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Book Description The University of North Carolina Press, United States, 2011. Paperback. Condition: New. New edition. Language: English . Brand New Book. Through an analysis of women s reform, domestic worker activism, and cultural values attached to public and private space, Vanessa May explains how and why domestic workers, the largest category of working women before 1940, were excluded from labor protections that formed the foundation of the welfare state. Looking at the debate over domestic service from both sides of the class divide, Unprotected Labor assesses middle-class women s reform programs as well as household workers efforts to determine their own working conditions. May argues that working-class women sought to define the middle-class home as a workplace even as employers and reformers regarded the home as private space. The result was that labor reformers left domestic workers out of labor protections that covered other women workers in New York between the late nineteenth century and the New Deal. By recovering the history of domestic workers as activists in the debate over labor legislation, May challenges depictions of domestics as passive workers and reformers as selfless advocates of working women. Unprotected Labor illuminates how the domestic-service debate turned the middle-class home inside out, making private problems public and bringing concerns like labor conflict and government regulation into the middle-class home. |Through an analysis of women s reform, domestic worker activism, and cultural values attached to public and private space, Vanessa May explains how and why domestic workers, the largest category of working women before 1940, were excluded from labor protections that formed the foundation of the welfare state. Seller Inventory # AAC9780807871935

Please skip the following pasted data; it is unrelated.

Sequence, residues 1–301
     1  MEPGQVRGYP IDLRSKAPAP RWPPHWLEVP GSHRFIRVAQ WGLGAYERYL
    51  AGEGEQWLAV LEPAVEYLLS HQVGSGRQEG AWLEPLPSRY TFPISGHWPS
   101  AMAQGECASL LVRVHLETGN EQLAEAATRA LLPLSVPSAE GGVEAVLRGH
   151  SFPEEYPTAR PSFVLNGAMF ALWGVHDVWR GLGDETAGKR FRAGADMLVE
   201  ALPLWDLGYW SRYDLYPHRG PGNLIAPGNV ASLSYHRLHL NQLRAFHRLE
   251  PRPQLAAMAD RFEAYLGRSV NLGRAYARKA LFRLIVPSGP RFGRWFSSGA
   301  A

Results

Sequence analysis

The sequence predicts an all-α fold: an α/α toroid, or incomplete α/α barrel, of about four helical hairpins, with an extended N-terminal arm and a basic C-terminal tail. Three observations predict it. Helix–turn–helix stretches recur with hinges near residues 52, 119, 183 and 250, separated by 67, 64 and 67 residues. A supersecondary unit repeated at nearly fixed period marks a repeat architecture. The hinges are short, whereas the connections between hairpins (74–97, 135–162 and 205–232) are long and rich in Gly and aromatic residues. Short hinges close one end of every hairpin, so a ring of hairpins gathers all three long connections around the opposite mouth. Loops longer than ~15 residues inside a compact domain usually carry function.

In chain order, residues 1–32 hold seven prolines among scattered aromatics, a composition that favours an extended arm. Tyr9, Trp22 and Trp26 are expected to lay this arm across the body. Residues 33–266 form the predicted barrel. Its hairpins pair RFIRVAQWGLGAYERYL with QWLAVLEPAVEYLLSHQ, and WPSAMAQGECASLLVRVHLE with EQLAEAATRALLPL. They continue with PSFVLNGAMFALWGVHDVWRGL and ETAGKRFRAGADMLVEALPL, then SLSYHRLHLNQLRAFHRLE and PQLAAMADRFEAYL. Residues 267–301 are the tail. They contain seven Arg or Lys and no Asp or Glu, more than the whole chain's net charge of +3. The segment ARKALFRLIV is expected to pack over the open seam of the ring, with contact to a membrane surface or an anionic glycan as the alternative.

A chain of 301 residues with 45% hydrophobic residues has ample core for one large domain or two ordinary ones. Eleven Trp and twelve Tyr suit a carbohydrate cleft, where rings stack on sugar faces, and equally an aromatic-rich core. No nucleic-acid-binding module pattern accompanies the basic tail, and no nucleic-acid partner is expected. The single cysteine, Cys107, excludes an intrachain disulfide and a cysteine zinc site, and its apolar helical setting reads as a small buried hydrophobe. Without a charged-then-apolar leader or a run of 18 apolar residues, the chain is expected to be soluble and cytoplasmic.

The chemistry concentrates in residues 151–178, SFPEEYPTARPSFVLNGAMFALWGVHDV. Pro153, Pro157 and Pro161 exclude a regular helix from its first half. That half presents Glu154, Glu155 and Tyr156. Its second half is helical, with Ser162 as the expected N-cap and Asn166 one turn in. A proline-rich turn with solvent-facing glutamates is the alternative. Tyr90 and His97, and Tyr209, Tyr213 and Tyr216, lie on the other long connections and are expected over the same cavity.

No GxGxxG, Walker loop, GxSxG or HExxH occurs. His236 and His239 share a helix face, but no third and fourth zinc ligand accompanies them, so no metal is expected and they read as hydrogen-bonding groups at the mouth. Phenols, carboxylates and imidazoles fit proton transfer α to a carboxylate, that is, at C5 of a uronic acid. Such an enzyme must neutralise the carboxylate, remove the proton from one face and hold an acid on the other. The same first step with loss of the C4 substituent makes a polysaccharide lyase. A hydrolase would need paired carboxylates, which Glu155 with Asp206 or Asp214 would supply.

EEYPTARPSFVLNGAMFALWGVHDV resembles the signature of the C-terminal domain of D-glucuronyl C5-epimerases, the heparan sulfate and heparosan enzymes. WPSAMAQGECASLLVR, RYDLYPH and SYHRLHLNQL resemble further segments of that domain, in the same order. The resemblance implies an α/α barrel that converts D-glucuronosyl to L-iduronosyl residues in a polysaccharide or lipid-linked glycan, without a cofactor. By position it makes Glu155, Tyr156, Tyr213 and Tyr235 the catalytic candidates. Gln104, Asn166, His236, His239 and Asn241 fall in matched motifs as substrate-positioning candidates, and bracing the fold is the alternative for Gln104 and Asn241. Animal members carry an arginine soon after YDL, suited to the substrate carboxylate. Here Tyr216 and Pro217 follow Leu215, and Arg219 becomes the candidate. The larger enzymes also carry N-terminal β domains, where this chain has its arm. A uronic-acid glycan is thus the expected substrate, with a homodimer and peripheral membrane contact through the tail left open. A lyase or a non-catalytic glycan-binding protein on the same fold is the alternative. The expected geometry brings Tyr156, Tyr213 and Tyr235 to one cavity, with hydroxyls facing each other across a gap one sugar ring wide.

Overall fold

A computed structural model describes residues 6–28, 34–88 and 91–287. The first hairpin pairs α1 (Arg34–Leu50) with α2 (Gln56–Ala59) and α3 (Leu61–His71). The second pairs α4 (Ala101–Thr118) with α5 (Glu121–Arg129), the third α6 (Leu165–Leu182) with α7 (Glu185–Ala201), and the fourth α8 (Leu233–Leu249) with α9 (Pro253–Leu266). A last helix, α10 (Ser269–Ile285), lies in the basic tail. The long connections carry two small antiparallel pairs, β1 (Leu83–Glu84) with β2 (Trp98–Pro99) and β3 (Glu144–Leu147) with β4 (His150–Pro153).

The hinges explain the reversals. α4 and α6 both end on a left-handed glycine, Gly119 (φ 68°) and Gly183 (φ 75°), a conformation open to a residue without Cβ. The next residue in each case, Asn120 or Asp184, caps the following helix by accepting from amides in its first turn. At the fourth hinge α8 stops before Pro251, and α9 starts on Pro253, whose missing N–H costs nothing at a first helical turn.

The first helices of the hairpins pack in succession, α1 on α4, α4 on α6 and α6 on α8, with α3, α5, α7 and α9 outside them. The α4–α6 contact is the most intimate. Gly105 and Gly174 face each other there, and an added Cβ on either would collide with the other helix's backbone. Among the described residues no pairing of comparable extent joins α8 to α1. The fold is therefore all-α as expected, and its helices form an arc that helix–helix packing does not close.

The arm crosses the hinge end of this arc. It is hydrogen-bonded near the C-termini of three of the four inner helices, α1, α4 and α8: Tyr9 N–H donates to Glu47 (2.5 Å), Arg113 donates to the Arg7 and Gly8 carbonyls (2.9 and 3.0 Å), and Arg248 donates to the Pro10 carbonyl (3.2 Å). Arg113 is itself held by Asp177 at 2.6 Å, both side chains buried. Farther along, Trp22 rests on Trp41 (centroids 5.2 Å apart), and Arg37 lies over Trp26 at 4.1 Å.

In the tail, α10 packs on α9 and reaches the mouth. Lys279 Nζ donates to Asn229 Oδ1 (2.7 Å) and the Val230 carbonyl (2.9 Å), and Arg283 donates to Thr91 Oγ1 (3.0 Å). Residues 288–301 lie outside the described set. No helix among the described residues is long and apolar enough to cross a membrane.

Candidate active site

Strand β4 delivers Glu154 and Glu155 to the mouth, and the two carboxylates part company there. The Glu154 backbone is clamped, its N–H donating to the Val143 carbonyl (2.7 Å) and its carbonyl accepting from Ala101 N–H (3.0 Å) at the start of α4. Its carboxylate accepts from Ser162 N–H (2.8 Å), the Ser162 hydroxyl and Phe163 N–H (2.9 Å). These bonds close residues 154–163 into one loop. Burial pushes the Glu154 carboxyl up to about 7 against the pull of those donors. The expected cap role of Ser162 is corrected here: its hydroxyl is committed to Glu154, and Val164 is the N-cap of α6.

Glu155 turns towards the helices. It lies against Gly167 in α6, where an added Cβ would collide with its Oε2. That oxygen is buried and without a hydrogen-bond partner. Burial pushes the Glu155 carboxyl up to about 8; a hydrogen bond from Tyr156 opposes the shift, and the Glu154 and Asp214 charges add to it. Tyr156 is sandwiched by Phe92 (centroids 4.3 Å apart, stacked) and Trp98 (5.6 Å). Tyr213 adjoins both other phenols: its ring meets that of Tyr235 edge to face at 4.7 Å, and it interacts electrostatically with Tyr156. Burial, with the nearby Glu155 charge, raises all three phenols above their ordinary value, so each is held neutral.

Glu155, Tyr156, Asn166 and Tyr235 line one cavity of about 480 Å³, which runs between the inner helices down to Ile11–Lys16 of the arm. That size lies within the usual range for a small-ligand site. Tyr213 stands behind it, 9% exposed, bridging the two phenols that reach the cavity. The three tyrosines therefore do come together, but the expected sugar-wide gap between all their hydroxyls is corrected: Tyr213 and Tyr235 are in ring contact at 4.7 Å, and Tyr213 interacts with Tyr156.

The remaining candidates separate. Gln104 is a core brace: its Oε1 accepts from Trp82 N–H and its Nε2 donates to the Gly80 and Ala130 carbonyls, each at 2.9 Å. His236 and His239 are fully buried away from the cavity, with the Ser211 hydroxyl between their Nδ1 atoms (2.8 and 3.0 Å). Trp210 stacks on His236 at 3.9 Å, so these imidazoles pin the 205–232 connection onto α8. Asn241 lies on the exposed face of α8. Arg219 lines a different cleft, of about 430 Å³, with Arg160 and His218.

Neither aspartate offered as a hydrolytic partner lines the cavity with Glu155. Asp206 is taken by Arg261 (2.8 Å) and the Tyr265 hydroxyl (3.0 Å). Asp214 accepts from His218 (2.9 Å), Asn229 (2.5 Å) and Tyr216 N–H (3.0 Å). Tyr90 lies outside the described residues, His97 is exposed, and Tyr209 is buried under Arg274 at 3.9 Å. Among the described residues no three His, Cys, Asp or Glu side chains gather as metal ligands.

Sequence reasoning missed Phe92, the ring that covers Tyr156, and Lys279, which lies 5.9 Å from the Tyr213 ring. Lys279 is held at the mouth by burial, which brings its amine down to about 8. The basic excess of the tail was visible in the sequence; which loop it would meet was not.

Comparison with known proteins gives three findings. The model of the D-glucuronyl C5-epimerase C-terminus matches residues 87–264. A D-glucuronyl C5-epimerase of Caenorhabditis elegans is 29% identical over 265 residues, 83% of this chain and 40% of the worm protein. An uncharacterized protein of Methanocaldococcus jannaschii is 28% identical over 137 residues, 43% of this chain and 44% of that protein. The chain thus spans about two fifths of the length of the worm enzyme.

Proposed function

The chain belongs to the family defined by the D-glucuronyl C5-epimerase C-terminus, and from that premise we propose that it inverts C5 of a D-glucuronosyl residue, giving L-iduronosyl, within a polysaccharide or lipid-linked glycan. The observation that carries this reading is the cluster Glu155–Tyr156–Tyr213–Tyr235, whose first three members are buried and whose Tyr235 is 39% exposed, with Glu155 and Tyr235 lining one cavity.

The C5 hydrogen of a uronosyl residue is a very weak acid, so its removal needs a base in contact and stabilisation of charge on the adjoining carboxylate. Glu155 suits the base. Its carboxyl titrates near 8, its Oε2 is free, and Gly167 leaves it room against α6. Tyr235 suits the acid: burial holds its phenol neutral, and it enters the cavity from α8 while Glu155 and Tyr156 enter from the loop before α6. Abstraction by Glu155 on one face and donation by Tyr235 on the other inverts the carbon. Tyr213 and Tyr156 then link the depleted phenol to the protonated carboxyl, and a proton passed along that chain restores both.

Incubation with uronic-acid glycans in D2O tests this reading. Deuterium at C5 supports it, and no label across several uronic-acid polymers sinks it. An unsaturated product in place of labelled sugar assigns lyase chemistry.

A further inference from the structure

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Book Description University of North Carolina Press 6/1/2011, 2011. Paperback or Softback. Condition: New. Unprotected Labor: Household Workers, Politics, and Middle-Class Reform in New York, 1870-1940. Book. Seller Inventory # BBS-9780807871935

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Book Description The University of North Carolina Press. Paperback. Condition: New. 264 pages. Dimensions: 9.2in. x 6.1in. x 0.8in.Through an analysis of womens reform, domestic worker activism, and cultural values attached to public and private space, Vanessa May explains how and why domestic workers, the largest category of working women before 1940, were excluded from labor protections that formed the foundation of the welfare state. Looking at the debate over domestic service from both sides of the class divide, Unprotected Labor assesses middle-class womens reform programs as well as household workers efforts to determine their own working conditions. May argues that working-class women sought to define the middle-class home as a workplace even as employers and reformers regarded the home as private space. The result was that labor reformers left domestic workers out of labor protections that covered other women workers in New York between the late nineteenth century and the New Deal. By recovering the history of domestic workers as activists in the debate over labor legislation, May challenges depictions of domestics as passive workers and reformers as selfless advocates of working women. Unprotected Labor illuminates how the domestic-service debate turned the middle-class home inside out, making private problems public and bringing concerns like labor conflict and government regulation into the middle-class home. This item ships from multiple locations. Your book may arrive from Roseburg,OR, La Vergne,TN. Paperback. Seller Inventory # 9780807871935